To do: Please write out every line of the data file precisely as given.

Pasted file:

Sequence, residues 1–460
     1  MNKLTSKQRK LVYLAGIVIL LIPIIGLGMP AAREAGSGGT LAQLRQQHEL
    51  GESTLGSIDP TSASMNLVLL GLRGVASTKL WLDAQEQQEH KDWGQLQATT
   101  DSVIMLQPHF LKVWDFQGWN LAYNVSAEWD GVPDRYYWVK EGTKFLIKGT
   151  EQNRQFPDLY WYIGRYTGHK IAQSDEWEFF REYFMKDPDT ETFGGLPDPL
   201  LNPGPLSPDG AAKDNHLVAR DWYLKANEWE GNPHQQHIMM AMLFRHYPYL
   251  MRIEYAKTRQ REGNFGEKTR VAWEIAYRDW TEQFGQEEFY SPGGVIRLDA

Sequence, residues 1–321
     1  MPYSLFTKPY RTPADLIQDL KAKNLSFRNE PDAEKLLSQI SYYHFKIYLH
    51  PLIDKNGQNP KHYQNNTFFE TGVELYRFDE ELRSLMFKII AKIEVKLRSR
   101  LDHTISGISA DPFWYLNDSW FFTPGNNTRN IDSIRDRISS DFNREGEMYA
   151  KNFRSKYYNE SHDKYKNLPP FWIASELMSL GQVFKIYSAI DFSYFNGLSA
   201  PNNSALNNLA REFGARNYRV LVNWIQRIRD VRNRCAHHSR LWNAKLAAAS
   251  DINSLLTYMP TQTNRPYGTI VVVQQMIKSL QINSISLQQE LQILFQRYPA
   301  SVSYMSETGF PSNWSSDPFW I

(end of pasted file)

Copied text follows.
Sequence, residues 1–460
     1  MNKLTSKQRK LVYLAGIVIL LIPIIGLGMP AAREAGSGGT LAQLRQQHEL
    51  GESTLGSIDP TSASMNLVLL GLRGVASTKL WLDAQEQQEH KDWGQLQATT
   101  DSVIMLQPHF LKVWDFQGWN LAYNVSAEWD GVPDRYYWVK EGTKFLIKGT
   151  EQNRQFPDLY WYIGRYTGHK IAQSDEWEFF REYFMKDPDT ETFGGLPDPL
   201  LNPGPLSPDG AAKDNHLVAR DWYLKANEWE GNPHQQHIMM AMLFRHYPYL
   251  MRIEYAKTRQ REGNFGEKTR VAWEIAYRDW TEQFGQEEFY SPGGVIRLDA

Sequence, residues 1–321
     1  MPYSLFTKPY RTPADLIQDL KAKNLSFRNE PDAEKLLSQI SYYHFKIYLH
    51  PLIDKNGQNP KHYQNNTFFE TGVELYRFDE ELRSLMFKII AKIEVKLRSR
   101  LDHTISGISA DPFWYLNDSW FFTPGNNTRN IDSIRDRISS DFNREGEMYA
   151  KNFRSKYYNE SHDKYKNLPP FWIASELMSL GQVFKIYSAI DFSYFNGLSA
   201  PNNSALNNLA REFGARNYRV LVNWIQRIRD VRNRCAHHSR LWNAKLAAAS
   251  DINSLLTYMP TQTNRPYGTI VVVQQMIKSL QINSISLQQE LQILFQRYPA
   301  SVSYMSETGF PSNWSSDPFW I